Eventually, in 2004, this congestion was solved by the expansion of this exit into a large circular area, under the road towards Harrods, with the way out of the station being by a stairway in the midst of the road.

Station upgrade in the 2010s

In recent years, several piecemeal improvements to the station have occurred. The platforms were refurbished in 2005, with the 1930s cream-coloured tiles being concealed behind a modern metal cladding system.[2] In December 2010, a new entrance was opened across the road from the station, as part of the One Hyde Park residential development.[3]

In 2017, a major upgrade to the station was announced, with two new entrances constructed on Brompton Road and Hooper's Court. The new Hooper's Court entrance will have two large lifts, which will allow for step-free access throughout the station. This entrance will also re-open some areas of the station that were closed in the early 1930s when escalators were installed.[4]

This work will take at least 3 years, with the new Brompton Road entrance open to customers in 2019, and the Hooper's Court entrance opening in 2020 - with the station becoming step free at that time. Most of the upgrade costs will be paid for by Knightsbridge Estate and developers Chelsfield, who own (and plan to redevelop) the property above the station. TfL are contributing £12m, enabling step-free access to be extended to platform level.[5]

In popular culture

The station appeared in a 1992 episode of Rumpole of the Bailey (Rumpole and the Children of the Devil), as Horace Rumpole and his wife Hilda travel there separately from Temple and Gloucester Road stations respectively. They exit Knightsbridge station from the stairs at the former street level portico on the corner of Hans Crescent and Brompton Road, which has since been redeveloped as the main entrance to a Zara fashion shop at 79 Brompton Road.

The opening scene of the 1997 film version of Henry James's The Wings of the Dove was set on the east-bound platforms at both Dover Street and Knightsbridge stations, both represented by the same studio mock-up, complete with a working recreation of a 1906 Stock train.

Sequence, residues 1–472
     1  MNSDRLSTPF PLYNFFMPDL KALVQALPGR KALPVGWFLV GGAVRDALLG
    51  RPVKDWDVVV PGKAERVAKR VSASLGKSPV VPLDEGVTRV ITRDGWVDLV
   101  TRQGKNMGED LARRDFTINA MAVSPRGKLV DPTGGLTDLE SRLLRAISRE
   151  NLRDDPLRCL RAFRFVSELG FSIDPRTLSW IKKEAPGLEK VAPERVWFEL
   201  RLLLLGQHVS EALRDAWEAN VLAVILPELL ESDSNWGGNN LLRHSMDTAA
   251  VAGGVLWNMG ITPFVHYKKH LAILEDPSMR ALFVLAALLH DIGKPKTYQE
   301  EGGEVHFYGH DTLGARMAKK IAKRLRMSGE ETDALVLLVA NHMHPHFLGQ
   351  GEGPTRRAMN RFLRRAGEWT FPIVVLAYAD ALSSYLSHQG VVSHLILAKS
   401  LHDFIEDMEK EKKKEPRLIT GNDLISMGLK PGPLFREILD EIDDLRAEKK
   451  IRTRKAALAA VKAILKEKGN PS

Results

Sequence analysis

Gallery

Connections

London Buses routes 9, 10, 14, 19, 22, 52, 74, 137, 414 and C1 and night routes N9, N19, N22, N74 and N137 serve the station.

Notes

  1. ^ a b c d e "Multi-year station entry-and-exit figures" (XLSX). London Underground station passenger usage data. Transport for London. January 2018. Retrieved 22 July 2018.
  2. ^ "Rimex Metals | Applications | Architecture | Knightsbridge Station, London, UK". www.onetex.com. Retrieved 2017-11-30.
  3. ^ "Knightsbridge gets new Tube entrance by hotel". Evening Standard. Retrieved 2017-11-30.
  4. ^ Matters, Transport for London | Every Journey. "Knightsbridge Tube station to become step-free in 2020". Transport for London. Retrieved 2017-11-30.
  5. ^ "Work begins on multi-million pound redevelopment of Knightsbridge Tube". Evening Standard. Retrieved 2017-11-30.

External links

  • "Photographic Archive". London Transport Museum. Archived from the original on 2008-03-18.
    • Original station building featuring non-standard decorative relief at high level, 1906
    • Basil Street entrance, 1925
    • Ticket hall, 1927
    • New station building, 1934. Compare elevation with current image which shows changes have been made to increase the width of the façade and to the first floor windows
    • New sub-surface ticket hall with ticket machines and top of escalators, 1934
    • Western ticket hall from end of sub-way with ticket machines, 1934
    • Sub-way to western ticket hall, 1934
    • Sub-way to western ticket hall, alternative view, 1934
Preceding station   Underground no-text.svg London Underground   Following station
Piccadilly line
towards Cockfosters
  Former Route  
Preceding station   Underground no-text.svg London Underground   Following station
Piccadilly line
1906-34
towards Cockfosters